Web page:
Neutral density filters – ND Straights – are colourless filters that remove light evenly across all spectrums.
Neutral density filters are used to lengthen exposure time, or allow the shooter to use a larger aperture.
Common uses are:
Creating shallow depth of field during daytime
Making water appear misty and ethereal
Removing people from busy areas
Transforming clouds and skies
Adjust exposure on cinema cameras because shutter duration is fixed
ND filters are available between 1-10 stops of density, plus 13 & 16 stops for long exposure. The density of the ND is written either in the number of stops, or using the traditional density scale.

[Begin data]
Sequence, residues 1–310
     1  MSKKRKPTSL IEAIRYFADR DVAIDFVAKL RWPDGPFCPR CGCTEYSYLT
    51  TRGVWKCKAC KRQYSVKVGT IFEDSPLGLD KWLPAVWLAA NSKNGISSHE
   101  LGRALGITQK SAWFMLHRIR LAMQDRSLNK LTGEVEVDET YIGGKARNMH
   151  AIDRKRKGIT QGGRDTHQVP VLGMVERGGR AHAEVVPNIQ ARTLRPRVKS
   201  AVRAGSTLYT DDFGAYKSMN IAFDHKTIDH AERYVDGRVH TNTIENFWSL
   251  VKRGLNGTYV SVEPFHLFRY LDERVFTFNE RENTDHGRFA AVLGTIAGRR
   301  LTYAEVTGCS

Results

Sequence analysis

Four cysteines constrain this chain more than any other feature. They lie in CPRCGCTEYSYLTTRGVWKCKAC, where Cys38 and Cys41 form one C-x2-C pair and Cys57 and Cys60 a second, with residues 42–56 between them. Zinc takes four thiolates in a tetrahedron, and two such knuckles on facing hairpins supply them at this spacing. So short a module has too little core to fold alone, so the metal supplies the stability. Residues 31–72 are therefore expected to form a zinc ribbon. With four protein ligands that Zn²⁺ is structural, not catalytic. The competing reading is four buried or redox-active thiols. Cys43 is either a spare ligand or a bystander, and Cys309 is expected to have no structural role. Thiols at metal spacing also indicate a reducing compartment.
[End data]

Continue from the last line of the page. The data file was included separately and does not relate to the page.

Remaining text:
0.3 = 1 stop
0.6 = 2 stops
0.9 = 3 stops
1.2 = 4 stops
Be careful to note the difference. For example, a 6 stop filter could be labeled “1.8”, but a two stop filter could be labeled “0.6.”
So 3-4 stop ND filters – ie 0.9 and 1.2 allow street photographers to shoot their fast lenses “wide-open” even during the middle of the day.
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